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Voter's Guide

County hires lobbyist to push new tax plan

The county could pay about $22,000 for the lobbying services over the entire legislative session.
Posted on Dec. 14, 2013 at 12:00 a.m. | Updated on Dec. 14, 2013 at 12:44 p.m.

GOSHEN — County commissioner Mike Yoder is working on a new plan to offset losses from property tax caps.

In a Saturday, Dec. 14, meeting, council members agreed to fund a lobbying team to help this new plan advance in the coming legislative session.

“The purpose of the lobbyist is to ensure that the cause doesn’t get lost in the fog,” Yoder explained later. “We want to make sure that our legislation is in the mix, and that (the lobbying team) actually assists our legislators.”

Yoder hopes to implement a new local option income tax of up to 1 percent. This option, he said, would help schools, towns and cities immensely.

He thinks this plan is better than the three local option income taxes available now, because “we will only raise what we need,” he said.

“Every year we calculate our circuit breaker losses,” Yoder explained. “Next year, if we only lose half, then that (tax) rate will only be 0.5 percent. Eventually, the rate declines or it could go away.”

During Saturday’s council meeting, council president John Letherman noted that nobody wants to talk about raising taxes, but the discussion is sometimes necessary.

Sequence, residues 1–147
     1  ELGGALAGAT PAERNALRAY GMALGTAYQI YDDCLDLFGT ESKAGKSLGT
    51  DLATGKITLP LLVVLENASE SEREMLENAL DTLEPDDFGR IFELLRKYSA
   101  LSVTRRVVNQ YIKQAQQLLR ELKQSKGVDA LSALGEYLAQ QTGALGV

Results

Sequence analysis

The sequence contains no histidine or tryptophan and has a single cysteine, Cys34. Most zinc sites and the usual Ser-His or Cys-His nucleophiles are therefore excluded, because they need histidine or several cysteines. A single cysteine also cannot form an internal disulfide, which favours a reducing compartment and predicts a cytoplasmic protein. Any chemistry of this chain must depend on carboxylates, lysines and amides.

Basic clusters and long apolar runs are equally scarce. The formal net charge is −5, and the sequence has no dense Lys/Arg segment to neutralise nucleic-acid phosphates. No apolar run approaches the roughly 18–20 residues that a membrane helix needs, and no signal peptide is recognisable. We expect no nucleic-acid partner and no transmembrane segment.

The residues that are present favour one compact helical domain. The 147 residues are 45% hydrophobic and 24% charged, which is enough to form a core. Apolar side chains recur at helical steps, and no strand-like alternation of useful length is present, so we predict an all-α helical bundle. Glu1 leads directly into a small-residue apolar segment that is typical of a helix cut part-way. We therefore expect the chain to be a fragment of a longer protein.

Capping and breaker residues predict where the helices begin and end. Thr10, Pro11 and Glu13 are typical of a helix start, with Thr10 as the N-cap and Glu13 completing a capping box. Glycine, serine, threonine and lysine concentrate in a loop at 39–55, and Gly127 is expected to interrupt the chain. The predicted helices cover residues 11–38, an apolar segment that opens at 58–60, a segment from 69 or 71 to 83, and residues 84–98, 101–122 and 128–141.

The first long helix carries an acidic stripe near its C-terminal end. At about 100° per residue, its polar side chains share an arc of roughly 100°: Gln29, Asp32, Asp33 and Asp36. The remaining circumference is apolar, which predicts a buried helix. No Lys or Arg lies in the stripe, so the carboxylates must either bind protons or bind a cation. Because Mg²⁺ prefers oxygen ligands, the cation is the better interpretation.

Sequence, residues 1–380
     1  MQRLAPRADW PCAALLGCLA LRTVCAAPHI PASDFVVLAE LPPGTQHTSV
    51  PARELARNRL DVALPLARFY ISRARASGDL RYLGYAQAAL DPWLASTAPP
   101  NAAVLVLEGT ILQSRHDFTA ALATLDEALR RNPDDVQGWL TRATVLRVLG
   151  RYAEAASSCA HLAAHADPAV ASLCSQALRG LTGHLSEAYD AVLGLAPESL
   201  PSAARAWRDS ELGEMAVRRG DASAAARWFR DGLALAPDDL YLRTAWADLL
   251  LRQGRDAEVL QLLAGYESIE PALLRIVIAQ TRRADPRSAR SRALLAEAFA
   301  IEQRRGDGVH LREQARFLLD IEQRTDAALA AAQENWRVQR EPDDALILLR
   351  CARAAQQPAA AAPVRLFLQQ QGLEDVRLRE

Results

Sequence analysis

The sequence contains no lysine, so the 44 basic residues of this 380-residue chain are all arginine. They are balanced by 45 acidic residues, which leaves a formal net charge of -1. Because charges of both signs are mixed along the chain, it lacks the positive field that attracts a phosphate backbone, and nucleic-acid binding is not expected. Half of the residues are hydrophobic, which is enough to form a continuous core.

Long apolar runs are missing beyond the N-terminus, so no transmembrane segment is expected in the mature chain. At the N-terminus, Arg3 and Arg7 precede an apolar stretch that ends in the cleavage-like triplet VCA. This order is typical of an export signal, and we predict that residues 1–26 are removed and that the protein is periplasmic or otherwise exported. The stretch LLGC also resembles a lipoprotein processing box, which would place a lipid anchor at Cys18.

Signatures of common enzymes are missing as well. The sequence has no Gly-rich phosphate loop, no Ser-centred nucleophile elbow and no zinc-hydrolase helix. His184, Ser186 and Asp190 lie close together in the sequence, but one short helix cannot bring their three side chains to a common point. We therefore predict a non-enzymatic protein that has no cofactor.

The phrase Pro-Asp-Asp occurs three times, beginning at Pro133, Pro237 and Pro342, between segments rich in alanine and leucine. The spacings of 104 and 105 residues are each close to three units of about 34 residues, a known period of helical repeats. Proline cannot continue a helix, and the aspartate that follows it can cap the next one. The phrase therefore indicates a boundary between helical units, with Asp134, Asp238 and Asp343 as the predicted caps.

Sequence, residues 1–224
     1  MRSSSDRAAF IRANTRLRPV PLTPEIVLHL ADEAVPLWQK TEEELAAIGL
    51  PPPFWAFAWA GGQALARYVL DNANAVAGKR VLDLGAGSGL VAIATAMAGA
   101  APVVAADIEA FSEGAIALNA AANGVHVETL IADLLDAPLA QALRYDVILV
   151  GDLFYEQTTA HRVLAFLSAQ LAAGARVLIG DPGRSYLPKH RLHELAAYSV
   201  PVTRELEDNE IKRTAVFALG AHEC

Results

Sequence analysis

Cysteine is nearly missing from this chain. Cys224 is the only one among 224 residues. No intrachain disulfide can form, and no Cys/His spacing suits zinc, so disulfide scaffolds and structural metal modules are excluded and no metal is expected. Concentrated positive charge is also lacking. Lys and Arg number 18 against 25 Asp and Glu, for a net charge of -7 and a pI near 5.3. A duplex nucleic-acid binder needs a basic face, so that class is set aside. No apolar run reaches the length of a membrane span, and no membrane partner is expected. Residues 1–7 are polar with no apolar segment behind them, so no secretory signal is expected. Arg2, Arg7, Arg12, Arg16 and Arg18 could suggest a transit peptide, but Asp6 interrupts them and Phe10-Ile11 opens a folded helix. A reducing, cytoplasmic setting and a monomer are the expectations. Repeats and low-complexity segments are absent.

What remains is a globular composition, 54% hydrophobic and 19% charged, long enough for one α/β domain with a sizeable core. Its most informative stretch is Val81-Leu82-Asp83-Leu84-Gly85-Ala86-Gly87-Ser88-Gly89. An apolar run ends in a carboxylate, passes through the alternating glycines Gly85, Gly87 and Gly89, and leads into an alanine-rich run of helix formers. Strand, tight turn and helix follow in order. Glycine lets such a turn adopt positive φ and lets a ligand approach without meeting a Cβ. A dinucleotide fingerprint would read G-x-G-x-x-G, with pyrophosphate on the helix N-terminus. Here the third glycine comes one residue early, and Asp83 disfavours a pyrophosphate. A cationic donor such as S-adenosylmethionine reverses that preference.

“We are getting close to the end our reserves — we have to do something,” Letherman said. “Shame on us if we don’t try.”

The county’s contract with Barnes and Thornburg, a law firm based in Indianapolis, supports a team of two lobbyists at $5,000 per month, Yoder said.

“We should know by mid-January whether we have any chance at all of getting this,” Yoder said.

If the lobbying team does work throughout the entire legislative session, its contract with the county should expire at the end of March, he added. The team has already started some work, and would end up working with the county for about 4 1/2 months total if they work throughout the entire legislative session.

Yoder said that Elkhart County has hired lobbyists to help with local option income tax legislation in the past.

The last instance of this happening, he said, was about 12 years ago when the county needed to implement a tax to build the new jail.

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